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Contributed by: Maine Historical Society
Location: New Orleans; Portland; Memphis; Baton Rouge
Media: Ink on paper
Contributed by: Sebago Historical Society
Media: Paper Ink Stamps
At Lexington and Concord, on April 19, 1775, British troops attempted to destroy munitions stored by American colonists. The battles were the opening salvos of the American Revolution. Shortly, the conflict would erupt in Maine.
Throughout the history of the state, residents have protested, on paper or in the streets, to increase rights for various groups, to effect social change, to prevent social change, or to let their feelings be known about important issues.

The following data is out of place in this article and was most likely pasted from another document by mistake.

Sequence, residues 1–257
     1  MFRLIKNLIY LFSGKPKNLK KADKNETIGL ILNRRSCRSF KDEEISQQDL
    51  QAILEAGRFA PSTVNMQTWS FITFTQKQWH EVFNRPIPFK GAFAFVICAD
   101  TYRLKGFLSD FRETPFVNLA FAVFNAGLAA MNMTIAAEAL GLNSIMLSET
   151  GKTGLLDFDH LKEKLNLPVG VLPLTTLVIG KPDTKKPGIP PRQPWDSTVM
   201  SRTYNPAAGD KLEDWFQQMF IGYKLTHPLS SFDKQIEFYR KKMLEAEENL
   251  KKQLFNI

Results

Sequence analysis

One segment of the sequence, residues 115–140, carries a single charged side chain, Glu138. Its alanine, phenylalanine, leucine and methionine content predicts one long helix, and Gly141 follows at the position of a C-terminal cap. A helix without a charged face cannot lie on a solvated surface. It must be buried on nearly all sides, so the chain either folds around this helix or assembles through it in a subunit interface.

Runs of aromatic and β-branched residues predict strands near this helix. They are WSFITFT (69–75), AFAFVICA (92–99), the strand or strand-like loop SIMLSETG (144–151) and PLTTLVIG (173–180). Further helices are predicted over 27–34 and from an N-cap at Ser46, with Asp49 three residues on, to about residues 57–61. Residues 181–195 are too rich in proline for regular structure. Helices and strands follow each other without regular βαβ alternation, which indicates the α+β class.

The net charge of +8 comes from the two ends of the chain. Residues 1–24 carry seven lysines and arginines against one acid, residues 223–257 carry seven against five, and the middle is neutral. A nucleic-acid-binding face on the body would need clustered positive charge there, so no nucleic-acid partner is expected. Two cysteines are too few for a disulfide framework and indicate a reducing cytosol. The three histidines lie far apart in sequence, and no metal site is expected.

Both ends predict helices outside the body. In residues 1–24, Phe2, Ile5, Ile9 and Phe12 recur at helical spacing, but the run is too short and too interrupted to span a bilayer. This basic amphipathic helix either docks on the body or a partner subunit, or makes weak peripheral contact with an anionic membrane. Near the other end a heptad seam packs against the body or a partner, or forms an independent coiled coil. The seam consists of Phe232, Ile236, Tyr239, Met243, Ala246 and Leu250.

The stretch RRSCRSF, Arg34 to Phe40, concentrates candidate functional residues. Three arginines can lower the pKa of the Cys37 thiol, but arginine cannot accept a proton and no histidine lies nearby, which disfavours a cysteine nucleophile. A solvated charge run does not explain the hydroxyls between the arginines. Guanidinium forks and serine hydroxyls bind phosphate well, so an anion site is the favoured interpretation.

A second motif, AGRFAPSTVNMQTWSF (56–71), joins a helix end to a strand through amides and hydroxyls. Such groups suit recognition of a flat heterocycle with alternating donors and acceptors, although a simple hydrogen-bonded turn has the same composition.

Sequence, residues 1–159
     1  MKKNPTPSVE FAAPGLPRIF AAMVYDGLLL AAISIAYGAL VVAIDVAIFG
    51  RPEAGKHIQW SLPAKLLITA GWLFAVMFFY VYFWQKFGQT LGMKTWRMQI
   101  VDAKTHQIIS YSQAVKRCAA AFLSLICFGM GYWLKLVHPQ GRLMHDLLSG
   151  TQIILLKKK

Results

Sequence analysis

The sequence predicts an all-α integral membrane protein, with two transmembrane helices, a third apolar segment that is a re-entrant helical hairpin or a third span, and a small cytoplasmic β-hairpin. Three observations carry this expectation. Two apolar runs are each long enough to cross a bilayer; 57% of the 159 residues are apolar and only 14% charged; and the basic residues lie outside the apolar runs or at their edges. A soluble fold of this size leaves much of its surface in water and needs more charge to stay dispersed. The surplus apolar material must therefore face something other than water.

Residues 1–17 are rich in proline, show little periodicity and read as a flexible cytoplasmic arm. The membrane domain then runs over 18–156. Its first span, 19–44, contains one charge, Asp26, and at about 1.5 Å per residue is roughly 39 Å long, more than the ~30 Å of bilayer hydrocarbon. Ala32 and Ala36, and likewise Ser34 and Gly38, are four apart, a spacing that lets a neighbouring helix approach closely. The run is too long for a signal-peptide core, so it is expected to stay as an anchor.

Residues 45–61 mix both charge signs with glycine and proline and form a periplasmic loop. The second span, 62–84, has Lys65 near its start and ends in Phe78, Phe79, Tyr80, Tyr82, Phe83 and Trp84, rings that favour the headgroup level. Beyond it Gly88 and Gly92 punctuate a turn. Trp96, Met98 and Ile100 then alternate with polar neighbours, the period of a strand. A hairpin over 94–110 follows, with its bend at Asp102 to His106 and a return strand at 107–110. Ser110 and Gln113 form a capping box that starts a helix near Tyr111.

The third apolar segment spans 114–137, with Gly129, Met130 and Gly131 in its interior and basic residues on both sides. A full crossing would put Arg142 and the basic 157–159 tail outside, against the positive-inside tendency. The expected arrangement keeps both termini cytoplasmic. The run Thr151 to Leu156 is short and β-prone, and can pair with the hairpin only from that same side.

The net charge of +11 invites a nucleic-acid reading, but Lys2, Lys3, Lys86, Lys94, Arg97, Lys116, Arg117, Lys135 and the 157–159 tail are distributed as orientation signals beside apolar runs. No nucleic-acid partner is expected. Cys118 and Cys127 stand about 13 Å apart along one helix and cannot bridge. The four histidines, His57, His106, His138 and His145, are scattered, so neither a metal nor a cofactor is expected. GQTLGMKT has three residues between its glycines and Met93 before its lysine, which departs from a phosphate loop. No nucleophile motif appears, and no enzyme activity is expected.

The president of the Continental Congress and the Declaration's most notable signatory, John Hancock, has ties to Maine through politics, and commercial businesses, substantial property, vacations, and family.
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It has a one cent postage stamp and cancellation marks from Farmington. The weather was fine, and over two thousand persons attended.
… James Montgomery Flagg Children and war stamps World War I poster, 1917 Item 14794 infoMaine Historical Society Known by family as Monty…
… "Bangor High School students buy $2,748.65 in war stamps." Bangor Daily News Dec. 9, 1943, Print. Gilman, Robert;, and John Heide.